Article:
1

This question already has an answer here:

For academic purposes im trying to demonstrate internal fragmentation of a file. As i understand it, internal fragmentation can be shown as a difference between the size of file and the size of all blocks contatining the file. Finding out the number of block was easy enough. My problem is finding the size of blocks. Is this the number returned by stat -c %o? (4096) or stat -c %B (512).

What is the difference between these two? I've been trying to find answers online, however I'm only getting more confused. Other commands like blockdev --getbsz /dev/sda2 show my filesystem blocksize as 4096. However after doing caculations is seems that 512 is more fitting to be the asnwer im looking for (size of the file i was testing is 44933 and number of blocks is 88. Multiplying it by 4096 leaves us with 360448 which is more that 8 times size of the file).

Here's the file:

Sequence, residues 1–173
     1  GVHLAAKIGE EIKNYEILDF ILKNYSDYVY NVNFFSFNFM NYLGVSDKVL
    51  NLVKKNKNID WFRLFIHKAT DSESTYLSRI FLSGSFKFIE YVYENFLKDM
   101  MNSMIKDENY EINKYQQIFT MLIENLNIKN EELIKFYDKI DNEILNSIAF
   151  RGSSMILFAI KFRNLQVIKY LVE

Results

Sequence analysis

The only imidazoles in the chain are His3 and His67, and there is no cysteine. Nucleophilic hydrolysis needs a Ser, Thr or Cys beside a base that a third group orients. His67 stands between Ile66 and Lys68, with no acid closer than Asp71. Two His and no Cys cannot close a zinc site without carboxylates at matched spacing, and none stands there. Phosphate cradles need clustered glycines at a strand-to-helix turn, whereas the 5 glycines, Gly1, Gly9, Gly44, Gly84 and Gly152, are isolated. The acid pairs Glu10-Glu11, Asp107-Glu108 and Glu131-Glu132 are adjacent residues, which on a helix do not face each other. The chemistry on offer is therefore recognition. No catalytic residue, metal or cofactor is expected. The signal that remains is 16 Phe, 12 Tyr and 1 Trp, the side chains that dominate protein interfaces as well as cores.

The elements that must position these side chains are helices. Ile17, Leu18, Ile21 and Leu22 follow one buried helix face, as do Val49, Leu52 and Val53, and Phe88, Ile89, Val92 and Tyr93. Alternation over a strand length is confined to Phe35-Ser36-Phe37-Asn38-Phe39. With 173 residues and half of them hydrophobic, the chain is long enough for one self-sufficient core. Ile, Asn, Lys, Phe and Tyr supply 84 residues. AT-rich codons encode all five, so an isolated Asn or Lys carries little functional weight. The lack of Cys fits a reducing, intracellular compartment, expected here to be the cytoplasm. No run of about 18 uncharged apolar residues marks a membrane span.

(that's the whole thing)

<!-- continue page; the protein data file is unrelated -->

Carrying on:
marked as duplicate by Gilles filesystems Apr 21 '18 at 20:41

This question has been asked before and already has an answer. If those answers do not fully address your question, please ask a new question.

1

From the manual for stat(1) one might find (this is from the Centos7 flavour of stat(1); other sources may vary)

   %b     number of blocks allocated (see %B)
   %B     the size in bytes of each block reported by %b

   %o     optimal I/O transfer size hint

which indicates that the first is about blocks allocated on the file system, while the second is the value related to I/O on said file. Noun (blocks allocated) versus verb (transfer of said blocks) more or less.

Not the answer you're looking for? Browse other questions tagged or ask your own question.